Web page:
Lisbon earthquake and tsunamiin1775.
The Russians ofPavel Lebedev-LastochkininJapan, with their ships tossed inland by a tsunami, meeting some Japanese in 1779.
) and "
). (For the plural,one can either follow ordinary English practice and add an
. In recent years, this term hasfallen out of favor, especially in
the scientiﬁc community, because tsunami actually have nothing to do with tides.The once-popular term derives
from their most common appearance, which is that of an extraordinarily hightidal bore. Tsunami and tides both
produce waves of water that move inland, but in the case of tsunami the inland movement of water is muchgreater and lasts for a longer period, giving the impression of an incredibly high tide. Although themeanings of"tidal" include "resembling"
or "having the form or character of"
the tides, and the term
is no moreaccurate because tsunami are not limited to harbours, use of the term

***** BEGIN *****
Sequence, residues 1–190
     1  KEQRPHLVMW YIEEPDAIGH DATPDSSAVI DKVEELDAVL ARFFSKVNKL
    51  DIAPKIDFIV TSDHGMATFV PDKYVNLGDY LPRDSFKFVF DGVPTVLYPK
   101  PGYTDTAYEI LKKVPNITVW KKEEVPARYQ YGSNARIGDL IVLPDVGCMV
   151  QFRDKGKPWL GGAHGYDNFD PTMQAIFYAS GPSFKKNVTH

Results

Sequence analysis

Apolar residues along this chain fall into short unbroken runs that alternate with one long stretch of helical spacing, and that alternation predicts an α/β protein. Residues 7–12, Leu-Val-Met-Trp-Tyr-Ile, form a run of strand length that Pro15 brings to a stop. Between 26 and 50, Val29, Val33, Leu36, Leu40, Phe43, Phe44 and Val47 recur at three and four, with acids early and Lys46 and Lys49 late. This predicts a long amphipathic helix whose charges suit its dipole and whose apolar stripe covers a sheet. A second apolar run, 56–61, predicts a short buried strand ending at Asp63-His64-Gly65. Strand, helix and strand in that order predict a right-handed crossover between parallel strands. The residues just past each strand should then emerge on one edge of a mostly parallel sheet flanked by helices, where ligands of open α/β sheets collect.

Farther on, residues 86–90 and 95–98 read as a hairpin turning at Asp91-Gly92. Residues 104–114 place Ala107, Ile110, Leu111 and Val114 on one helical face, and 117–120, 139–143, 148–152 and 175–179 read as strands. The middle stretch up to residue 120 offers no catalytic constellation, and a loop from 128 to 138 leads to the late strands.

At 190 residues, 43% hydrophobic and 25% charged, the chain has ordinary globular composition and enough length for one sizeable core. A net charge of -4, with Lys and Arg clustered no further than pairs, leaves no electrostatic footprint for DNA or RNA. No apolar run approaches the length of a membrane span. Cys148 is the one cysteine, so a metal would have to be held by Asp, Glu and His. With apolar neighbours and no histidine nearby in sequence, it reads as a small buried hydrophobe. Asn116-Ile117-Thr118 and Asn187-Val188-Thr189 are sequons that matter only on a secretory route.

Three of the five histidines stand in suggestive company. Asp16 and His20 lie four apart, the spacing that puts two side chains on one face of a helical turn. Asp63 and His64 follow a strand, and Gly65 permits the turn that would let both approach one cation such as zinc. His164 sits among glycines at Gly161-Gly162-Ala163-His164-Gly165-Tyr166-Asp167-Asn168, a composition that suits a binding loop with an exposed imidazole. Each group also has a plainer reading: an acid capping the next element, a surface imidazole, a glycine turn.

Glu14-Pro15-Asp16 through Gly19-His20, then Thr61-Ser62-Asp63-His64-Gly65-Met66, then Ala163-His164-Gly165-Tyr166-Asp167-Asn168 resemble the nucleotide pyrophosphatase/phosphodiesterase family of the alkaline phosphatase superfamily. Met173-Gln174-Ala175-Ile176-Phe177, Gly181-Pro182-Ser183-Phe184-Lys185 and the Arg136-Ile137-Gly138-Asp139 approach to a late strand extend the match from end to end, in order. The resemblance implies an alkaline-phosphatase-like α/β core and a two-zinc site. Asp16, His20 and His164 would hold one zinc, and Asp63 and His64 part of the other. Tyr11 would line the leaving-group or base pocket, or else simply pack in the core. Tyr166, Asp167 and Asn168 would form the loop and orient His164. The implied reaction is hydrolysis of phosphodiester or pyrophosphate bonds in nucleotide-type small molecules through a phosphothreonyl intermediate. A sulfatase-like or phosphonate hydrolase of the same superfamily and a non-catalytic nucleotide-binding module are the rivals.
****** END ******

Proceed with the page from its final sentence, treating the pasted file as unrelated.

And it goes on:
is discouraged bygeologists andoceanographers.There are only a few other languages that have a native word for this disastrous wave.In theTamil language,
the word is
. In theAcehnese language, it is
(Depending on the dialect.Note that in the fellowAustronesianlanguage ofTagalog, a major language in thePhilippines,
means"wave".) OnSimeulueisland, off the western coast of Sumatra in Indonesia, in theDefayan languagethe word is
, while in theSigulai languageit is
The principal generation mechanism (or cause) of a tsunami is the displacement of a substantial volume of wateror perturbation of the sea.
This displacement of water is usually attributed to either earthquakes, landslides,